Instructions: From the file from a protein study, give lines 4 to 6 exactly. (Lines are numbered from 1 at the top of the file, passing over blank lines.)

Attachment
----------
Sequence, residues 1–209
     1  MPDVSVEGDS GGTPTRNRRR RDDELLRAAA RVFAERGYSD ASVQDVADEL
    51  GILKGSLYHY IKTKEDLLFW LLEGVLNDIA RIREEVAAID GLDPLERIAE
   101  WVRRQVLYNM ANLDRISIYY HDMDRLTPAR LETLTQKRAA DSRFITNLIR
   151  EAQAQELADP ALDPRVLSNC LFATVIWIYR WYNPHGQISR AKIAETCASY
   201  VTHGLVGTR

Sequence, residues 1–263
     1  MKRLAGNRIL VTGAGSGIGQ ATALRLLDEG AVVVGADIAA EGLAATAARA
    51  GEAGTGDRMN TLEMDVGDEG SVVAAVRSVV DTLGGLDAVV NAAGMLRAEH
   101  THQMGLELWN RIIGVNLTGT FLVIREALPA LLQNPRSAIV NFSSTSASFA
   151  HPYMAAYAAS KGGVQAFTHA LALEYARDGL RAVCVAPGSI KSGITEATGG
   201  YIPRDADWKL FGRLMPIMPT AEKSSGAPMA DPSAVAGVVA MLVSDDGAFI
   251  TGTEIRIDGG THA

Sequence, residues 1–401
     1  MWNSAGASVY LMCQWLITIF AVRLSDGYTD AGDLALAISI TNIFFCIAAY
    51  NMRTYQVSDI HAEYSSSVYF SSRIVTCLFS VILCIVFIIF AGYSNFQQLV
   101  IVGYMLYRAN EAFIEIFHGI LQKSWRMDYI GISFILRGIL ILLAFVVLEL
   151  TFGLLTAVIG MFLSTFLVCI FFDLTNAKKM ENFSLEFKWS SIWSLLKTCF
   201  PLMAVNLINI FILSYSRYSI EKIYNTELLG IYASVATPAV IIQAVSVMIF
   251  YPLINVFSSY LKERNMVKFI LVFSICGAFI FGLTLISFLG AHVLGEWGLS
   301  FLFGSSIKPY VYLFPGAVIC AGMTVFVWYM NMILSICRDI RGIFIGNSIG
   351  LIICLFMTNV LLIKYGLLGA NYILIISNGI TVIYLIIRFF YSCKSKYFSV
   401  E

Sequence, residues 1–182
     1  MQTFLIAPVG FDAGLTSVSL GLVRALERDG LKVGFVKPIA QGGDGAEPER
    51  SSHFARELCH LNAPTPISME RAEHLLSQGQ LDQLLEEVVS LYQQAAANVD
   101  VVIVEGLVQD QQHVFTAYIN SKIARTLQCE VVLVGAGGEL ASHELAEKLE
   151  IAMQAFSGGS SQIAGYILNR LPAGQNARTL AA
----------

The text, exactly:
   101  WVRRQVLYNM ANLDRISIYY HDMDRLTPAR LETLTQKRAA DSRFITNLIR
   151  EAQAQELADP ALDPRVLSNC LFATVIWIYR WYNPHGQISR AKIAETCASY
   201  VTHGLVGTR